Calling Out Crazy and Dangerous

We’re being told that January 6, 2021 will be the next opportunity for President Trump to snatch victory from the jaws of defeat. That’s when both houses of Congress will convene to count and certify the results of the Electoral College.

Trump supporters are banking on Vice President Pence to hear the objections of members of the House and Senate before pushing for an alternative to the long-held historical practice of finalizing the vote and selecting the next President of the United States.

President Trump and his army of supporters are leaning heavily on Vice President Pence to thwart this process and re-elect Donald J. Trump as the next President. Social media is ablaze with speculation about what will happen and the consequences of Pence’s action.

We’re hearing that riots will break out across America as the left sets fire to anything their torches touch. This is not hard to believe since the left has a track record of hyper-emotional reaction and violence to events to which they object.

On my Twitter feed, I’ve been clear that I don’t expect anything to change with regard to our election results. (I’ve been working in elections for over 30 years.) Our system works pretty well, especially here in Arizona and frankly, Democrats were motivated to kick DJT out of the White House.

Some of my fellow Republicans – and I use that term questionably since many of them behave more like they’re in a cult – have said that if Pence doesn’t fall in line with his boss, their will be an uprising across America. In other words, they plan on unleashing a rebellion.

I don’t believe it.

When they claim they’ll start another civil war, I don’t think they have the conviction let alone fortitude to do so. Most of them would rather head down to the State Capitol and hold another rally in which they complain about the election while waving Gadsden flags and making speeches. These are the patriots on paper.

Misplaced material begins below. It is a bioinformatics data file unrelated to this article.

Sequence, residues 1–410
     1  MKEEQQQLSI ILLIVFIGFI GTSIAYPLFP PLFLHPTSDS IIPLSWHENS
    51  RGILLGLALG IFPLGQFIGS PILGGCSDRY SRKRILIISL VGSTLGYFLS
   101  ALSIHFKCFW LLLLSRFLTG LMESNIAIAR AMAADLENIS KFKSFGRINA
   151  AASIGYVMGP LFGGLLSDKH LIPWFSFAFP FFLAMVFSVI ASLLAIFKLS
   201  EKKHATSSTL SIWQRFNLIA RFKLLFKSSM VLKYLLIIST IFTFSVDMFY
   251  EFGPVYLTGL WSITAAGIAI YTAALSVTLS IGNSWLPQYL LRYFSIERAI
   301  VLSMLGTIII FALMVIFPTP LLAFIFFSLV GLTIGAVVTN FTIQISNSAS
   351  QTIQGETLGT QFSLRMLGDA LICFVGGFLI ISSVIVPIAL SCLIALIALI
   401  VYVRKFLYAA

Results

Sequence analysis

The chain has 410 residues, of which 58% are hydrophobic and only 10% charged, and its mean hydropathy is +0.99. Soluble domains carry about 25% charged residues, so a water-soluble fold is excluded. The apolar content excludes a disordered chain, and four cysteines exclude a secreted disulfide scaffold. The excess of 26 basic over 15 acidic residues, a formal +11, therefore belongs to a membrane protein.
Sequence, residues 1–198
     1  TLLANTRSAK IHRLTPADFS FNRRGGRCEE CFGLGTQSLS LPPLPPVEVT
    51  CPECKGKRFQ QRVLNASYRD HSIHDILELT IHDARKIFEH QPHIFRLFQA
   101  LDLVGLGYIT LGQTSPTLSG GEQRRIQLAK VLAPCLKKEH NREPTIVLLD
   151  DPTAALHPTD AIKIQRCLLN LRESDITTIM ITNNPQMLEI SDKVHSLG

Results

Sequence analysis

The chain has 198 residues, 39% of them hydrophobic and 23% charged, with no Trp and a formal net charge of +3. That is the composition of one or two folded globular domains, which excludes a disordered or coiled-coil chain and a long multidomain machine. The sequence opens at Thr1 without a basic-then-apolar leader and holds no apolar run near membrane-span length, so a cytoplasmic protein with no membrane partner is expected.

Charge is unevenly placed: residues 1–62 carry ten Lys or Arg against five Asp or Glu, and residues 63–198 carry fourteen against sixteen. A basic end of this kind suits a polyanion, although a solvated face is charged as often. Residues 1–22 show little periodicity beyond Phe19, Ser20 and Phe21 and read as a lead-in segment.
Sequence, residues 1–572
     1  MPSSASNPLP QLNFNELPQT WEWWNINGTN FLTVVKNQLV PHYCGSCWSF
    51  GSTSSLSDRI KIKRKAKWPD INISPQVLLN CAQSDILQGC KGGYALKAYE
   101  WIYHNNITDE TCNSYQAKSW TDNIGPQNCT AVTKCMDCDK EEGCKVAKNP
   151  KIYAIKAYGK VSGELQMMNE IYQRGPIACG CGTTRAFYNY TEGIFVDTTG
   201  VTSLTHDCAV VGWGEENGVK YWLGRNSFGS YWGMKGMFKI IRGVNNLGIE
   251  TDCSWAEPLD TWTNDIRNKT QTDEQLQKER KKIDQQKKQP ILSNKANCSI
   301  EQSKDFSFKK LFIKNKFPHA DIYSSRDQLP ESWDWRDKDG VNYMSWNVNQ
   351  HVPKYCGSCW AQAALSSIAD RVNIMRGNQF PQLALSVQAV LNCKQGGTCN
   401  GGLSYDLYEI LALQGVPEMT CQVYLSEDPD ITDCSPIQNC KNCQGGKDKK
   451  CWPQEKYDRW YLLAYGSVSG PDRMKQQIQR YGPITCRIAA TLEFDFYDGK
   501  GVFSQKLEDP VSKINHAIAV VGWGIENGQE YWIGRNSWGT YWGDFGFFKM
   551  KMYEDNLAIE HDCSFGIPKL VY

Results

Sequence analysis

But there are others using anonymous online identities making threats of rebellion and all-out war to defend the Dear Leader. These are the dangerous and crazy ones and they need to be called out.

In this country, we have an institution called the Rule of Law and when you follow it and exhaust it, you need to respect it and its final outcome. It’s how we govern here in America.

This author in no way advocates for violence, let alone civil unrest or war. If you do not like the outcome of our elections, legal rulings or legislative process, you have other peaceful forms of protest available.

Speaker Rusty Bowers Addresses Calls for the Legislature to Overturn 2020 Certified Election Results

STATE CAPITOL, PHOENIX – Arizona House Speaker Rusty Bowers today issued the following statement:

This week, Rudy Giuliani, Jenna Ellis, and others representing President Donald Trump came to Arizona with a breathtaking request:  that the Arizona Legislature overturn the certified results of last month’s election and deliver the state’s electoral college votes to President Trump.  The rule of law forbids us to do that.

Mr. Giuliani and Ms. Ellis made their case here at least twice—on Monday, at an unofficial public gathering hosted by a small group of legislators; and again on Tuesday, during a closed-door meeting at the State Capitol with Republican leaders from both chambers of the Legislature.  Both times, the Trump team made claims that the election was tainted by fraud but presented only theories, not proof.  U.S. Attorney General William P. Barr said on Tuesday that he, too, has “not seen fraud on a scale that could have effected a different outcome of the election.”

Even if such evidence existed, the Arizona Legislature simply couldn’t do what is being asked.  Under our state’s constitution, the Legislature can act only when it is in session, and the Legislature could call itself into a special session only with the support of a bipartisan supermajority of its members.

That won’t materialize, but even if did, the Legislature couldn’t provide the recourse the President’s team seeks.  The U.S. Constitution authorizes each state to appoint presidential electors “in such Manner as the Legislature thereof may direct.”  For decades, Arizona law has required that the voters elect the state’s electors on Election Day—this year, on November 3rd.  And under a law the Republican-led Legislature passed just three years ago, the state’s electors are required to cast their votes for the candidates who received the most votes in the official statewide election canvass.  Enacted after the 2016 presidential election, in which President Trump won the electoral college but not the popular vote, the law was aimed at ensuring that Arizona’s electors would remain faithful to the vote of the people.